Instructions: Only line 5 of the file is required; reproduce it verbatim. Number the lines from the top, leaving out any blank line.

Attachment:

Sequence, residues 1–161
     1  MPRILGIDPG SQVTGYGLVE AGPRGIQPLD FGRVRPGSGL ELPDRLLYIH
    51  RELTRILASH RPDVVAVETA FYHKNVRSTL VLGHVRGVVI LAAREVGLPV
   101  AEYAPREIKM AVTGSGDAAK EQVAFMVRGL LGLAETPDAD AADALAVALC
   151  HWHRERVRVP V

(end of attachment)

   151  HWHRERVRVP V